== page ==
In 1913, the Massachusetts Bar Association set a national
precedent when it admitted its first female member, Mary A. Mahan.
After this milestone, it would be quite some time for the MBA to
appoint its first female president. However, when it did in 1986,
each of the eight female leaders of the MBA blazed impressive, but
distinct paths during their respective terms.
Collectively, they provided further strength to the organization's
core principles of diversity and access to justice, while raising
the level of legal education and professionalism in legal
As the association embarked on celebrating its centennial
anniversary earlier this year, the MBA made history once again when
the presidency was handed from one woman to another. As she
continues to lead the MBA through its most meaningful celebration
to date, Denise Squillante has enjoyed standing on the shoulders of
those women and men who have come before her.
In honor of National Women's History Month, Lawyers
Journal spoke with each of the women leaders as they reflected
upon their presidential terms.
The lightning rod
In 1986, the MBA elected it first female president, Alice E.
At the time of her presidency, the Harvard Law and Cornell
University graduate was a partner at Hemenway & Barnes in
"When I was coming through the ranks, there were at least a couple
of women who I thought were able, but the first woman of everything
becomes the lightning rod," said Richmond. "When you are first, you
have to be more."
Richmond did her best to use her position as MBA president to
change the industry's perception of female attorneys. At the same
time, Richmond appreciated the sense of inclusiveness that the MBA
offered, something she hadn't felt at other bar associations. When
tapped as the president, she continued to carry on the MBA's
"We threw the net out as widely as possible to engage as many
lawyers as we possibly could," she said.
Richmond also focused her presidency on "making something better."
The groundwork was laid for the future Massachusetts Bar
Association's Insurance Agency. Richmond also worked to attract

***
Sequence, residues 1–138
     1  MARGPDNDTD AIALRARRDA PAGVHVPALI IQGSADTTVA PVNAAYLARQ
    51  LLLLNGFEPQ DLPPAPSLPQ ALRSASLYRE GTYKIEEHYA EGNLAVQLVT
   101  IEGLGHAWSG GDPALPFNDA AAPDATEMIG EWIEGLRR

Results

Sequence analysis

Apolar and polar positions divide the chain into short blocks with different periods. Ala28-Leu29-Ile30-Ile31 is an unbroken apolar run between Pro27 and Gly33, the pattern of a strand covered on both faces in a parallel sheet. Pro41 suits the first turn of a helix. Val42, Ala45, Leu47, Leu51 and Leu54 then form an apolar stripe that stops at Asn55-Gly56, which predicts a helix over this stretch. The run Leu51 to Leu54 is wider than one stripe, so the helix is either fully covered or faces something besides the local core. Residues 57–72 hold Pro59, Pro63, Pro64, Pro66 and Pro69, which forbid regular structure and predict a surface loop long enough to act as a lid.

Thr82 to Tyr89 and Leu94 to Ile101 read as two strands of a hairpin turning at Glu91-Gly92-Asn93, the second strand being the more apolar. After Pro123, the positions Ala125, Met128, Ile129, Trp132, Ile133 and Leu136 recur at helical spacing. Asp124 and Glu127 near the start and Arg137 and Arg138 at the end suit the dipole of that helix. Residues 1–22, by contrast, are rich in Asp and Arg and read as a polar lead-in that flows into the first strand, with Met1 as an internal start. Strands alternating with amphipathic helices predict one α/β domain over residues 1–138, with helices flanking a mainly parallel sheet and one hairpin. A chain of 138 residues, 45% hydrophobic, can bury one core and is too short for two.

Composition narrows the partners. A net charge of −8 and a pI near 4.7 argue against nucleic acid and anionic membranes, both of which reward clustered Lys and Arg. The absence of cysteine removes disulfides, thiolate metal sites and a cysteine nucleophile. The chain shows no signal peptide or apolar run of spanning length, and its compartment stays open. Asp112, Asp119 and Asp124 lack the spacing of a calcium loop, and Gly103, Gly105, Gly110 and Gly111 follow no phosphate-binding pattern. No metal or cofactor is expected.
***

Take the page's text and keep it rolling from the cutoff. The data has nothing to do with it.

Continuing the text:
attorneys to the issue of homelessness in the commonwealth
post-Vietnam, and the MBA took a strong stance on judicial conduct,
when it appeared a few judges were becoming "difficult," as more
female trial lawyers were entering courtrooms.
Richmond subsequently became the first female president of the
Massachusetts Bar Foundation, the philanthropic partner of the
Richmond's public service work seemed to be some of her stronger
recollections of her time as MBA president. Richmond's sense of
service was evident early in her legal career, as she began as an
assistant district attorney and later served as a special assistant
to the attorney general.
Still residing in Boston today, she continues to make her mark on
the national legal stage as treasurer of the American Bar
To the courts
Despite growing up in the 1950s, Elaine Epstein, a daughter of a
commercial Realtor and a homemaker, was taught that "girls can do
anything." Her parents, along with other family members, were front
and center in the audience during her installation reception for
her presidency of the MBA in 1992.
Court reform was the hot issue during Epstein's term and that
topic was something near and dear to this trial attorney, who began
her career in a small practice in Brockton. Such reform was
morphing the court system to follow more of a business model and
court administrators began to be appointed.
"Court reform was something people felt strongly about," said
Epstein. Like Richmond, Epstein mentioned that women were treated
differently from their male counterparts in the courtroom. In the
bar association world, however, Epstein felt quite the
"By the time I got there, it wasn't so special to be the second
woman president of the bar association," said Epstein, who was
appointed by MBA President William Bernstein to serve on the
committee that nominated Richmond to serve as the MBA's first woman
Epstein explained her time as president preceded "glass ceiling"
issues. "Let's just keep moving forward," she recalled. "It didn't
feel like, 'Oh, wow, it's a female president of the MBA.'"
"I was still in the forefront, but the ship was moving in the
right direction," she said. According to Epstein, inroads were
already made by Richmond (as president) and other female lawyers
were serving in key appointments in leadership beyond the officer
ranks in the association.
A relentless champion for county bar associations, Epstein found
attending engagements around the state one of the more memorable
parts of her presidency. To this day, Epstein attends the Plymouth
County Bar Association's Annual Meeting each year. She remains
close to the Plymouth area colleagues with whom she made
connections early in her career.
From all she learned during her tenure as president, she offers
guidance to other women contemplating leadership roles. Epstein
suggests "not to be daunted by the arena you're in." She also
encourages women to "rely on thick skin, a sense of humor and
always remember to reach back and treat more youthful attorneys the
Epstein's MBA presidency followed her time as the first president
of the Women's Bar Association. Through both important experiences,
her viewpoint of what issues could be addressed by attorneys was
By the time Epstein entered her MBA presidency, she found the
culture in the legal community to be supportive of women moving